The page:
Try giving yourself a reward if you can complete your task within the desired timeframe.
For example, maybe after completing a small block, you can reward yourself with a chocolate bar, a coffee or whatever you enjoy. Whatever motivates you, use it as a carrot.
Of course, you’re a fully-grown adult and you could go grab a chocolate bar or a coffee anytime you fancy, but sometimes it is helpful to play these little mind games with yourself.
You might be surprised how effective they can be if you let yourself buy into them.
7. Eliminate distractions
Avoid television and other distractions like websites not related to work.
I have very little interest in social media and don’t really waste any time on it. However, my weaknesses are YouTube and Reddit and I find I can fall down either rabbit hole quite easily if I am not careful.
To prevent this from happening, I use a website blocker.
Yes, of course, you can always turn it off or use a different device, but I find it is a helpful reminder to refocus if ever my fingers tap on the YouTube icon without my knowing.
Removing all of your social media icons from your laptop might also help. If you have the luxury of additional devices, use a dedicated device for that stuff (e.g. iPad or tablet) and keep your laptop or PC for work-related stuff.
Other potential distractions around the house need to be controlled where possible.
Examples for me might include temptations such as guitar, piano, music, video games console, DIY, other chores. The best thing is to schedule a time for them, rather than let them interfere with time blocked out for work.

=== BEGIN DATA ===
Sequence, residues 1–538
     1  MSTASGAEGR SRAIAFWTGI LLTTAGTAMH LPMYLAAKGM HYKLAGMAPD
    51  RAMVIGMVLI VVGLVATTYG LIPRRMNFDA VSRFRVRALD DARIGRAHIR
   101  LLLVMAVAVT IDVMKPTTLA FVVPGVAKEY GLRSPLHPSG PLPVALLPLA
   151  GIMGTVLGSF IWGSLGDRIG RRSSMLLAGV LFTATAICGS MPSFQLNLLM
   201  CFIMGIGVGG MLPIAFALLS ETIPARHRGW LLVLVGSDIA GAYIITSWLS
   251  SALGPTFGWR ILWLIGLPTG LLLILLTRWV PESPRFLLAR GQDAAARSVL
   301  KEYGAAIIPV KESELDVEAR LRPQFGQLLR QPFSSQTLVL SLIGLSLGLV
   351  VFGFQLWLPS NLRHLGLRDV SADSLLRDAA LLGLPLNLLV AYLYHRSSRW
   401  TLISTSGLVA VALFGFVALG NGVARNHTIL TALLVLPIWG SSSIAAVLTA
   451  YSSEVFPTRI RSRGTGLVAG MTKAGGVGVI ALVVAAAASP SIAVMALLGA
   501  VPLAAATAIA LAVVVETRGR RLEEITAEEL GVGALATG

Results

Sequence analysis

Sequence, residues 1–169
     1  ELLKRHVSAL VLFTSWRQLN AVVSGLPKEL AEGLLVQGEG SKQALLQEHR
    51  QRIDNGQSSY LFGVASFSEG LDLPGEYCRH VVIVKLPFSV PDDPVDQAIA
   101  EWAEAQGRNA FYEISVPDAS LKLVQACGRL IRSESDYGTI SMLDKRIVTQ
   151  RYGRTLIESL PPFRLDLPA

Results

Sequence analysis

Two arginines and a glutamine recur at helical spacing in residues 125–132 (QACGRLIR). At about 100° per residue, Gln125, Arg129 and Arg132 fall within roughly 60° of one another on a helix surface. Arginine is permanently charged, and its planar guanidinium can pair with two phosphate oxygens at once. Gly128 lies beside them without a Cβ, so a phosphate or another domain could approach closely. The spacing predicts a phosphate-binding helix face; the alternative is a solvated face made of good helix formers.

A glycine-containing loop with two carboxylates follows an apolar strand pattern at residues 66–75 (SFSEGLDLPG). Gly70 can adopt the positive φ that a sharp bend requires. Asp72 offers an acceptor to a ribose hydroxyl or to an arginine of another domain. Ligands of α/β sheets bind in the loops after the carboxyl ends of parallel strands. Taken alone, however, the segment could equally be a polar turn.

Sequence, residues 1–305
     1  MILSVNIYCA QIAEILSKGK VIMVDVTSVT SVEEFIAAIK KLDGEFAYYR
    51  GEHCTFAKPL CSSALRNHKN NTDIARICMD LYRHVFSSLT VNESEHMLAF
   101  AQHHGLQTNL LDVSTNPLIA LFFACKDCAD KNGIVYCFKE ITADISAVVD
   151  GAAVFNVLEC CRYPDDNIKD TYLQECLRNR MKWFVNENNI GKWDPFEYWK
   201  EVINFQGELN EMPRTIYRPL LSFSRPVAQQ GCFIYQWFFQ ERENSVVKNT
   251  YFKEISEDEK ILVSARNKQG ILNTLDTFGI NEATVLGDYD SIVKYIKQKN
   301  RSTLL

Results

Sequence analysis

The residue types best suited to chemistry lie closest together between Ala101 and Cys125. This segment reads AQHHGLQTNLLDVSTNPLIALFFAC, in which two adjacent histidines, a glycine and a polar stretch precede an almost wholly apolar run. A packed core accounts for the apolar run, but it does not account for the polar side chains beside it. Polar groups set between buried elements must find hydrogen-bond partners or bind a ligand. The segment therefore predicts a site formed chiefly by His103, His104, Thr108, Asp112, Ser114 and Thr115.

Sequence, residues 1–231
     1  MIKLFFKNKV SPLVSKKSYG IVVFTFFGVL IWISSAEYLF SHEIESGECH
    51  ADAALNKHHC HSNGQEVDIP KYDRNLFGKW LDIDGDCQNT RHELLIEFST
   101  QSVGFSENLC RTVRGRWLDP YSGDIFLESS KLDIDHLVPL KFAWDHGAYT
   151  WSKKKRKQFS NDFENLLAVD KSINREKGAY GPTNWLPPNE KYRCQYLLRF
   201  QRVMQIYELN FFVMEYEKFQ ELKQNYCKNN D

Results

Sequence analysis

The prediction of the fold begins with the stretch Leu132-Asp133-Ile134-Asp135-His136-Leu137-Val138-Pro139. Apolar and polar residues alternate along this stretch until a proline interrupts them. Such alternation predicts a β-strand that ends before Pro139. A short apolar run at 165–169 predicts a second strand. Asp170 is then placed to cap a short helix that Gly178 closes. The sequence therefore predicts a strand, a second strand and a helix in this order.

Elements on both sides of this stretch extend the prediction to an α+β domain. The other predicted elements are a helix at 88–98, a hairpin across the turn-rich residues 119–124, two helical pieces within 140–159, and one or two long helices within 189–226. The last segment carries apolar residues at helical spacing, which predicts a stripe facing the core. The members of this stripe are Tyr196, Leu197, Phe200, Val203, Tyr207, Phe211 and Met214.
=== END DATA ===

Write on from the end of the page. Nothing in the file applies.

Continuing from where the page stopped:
Some distractions are unavoidable, such as when you have kids at home, pets, neighbours doing renovations, road works outside, the doorbell ringing. Solutions may include working somewhere else, arranging child-care or doing care-shifts with your spouse.
READ: How To Deal With Internet Distractions
8. Take a proper lunch break
When you’re home, it’s easy just to grab a sandwich and then sit back in front of your computer to keep working.
While this may be okay on occasion, say when you have a looming deadline to meet, you should avoid doing this as a general rule, as it doesn’t allow you to recover properly in between periods of focus.
Instead, take a proper break. Get away from your desk and laptop. Go outside. Meet your spouse or a friend for lunch. Give yourself a chance to recharge before hitting it again in the afternoon.
9. Change the scenery
If you’re having one of those days when you just can’t seem to focus, change things up a bit.
Work in a different room, go to a coffee shop, or if it’s nice weather, work outside. You have that luxury, so don’t feel you have to stay at your desk just because you feel you should.
Sometimes, if I really cannot get into the groove, I might arrange to meet a friend for a coffee and take a break from work for a couple of hours.
One thing that can bother people about working from home is the lack of human contact, even if you’re more of an introverted type of person like me.
So, getting out and just having a natter with someone else can help you re-find your work mojo when you get back.
10. Have a clear start and finish time
When you’re self-employed, an entrepreneur or side-hustler, it can be easy to fall into the mode of working all hours, even though you are probably working much less efficiently than you would be if you were working to a set schedule.
Maintaining boundaries between work and personal life is even more important when your home is also your place of work.
You don’t have to be accessible all the time. And if you are building your own business, you don’t have to be working 24/7.
Check out this post: How To Set Boundaries At Work >>>
Time Hack Hero Takeaway
Although working from home comes with many advantages, there are some downsides and potential pitfalls that you need to be aware of.
However, these can be reduced or even eliminated if you manage your time and your environment in a disciplined and diligent manner.
How do you get the best out of yourself when working from home? Comment below!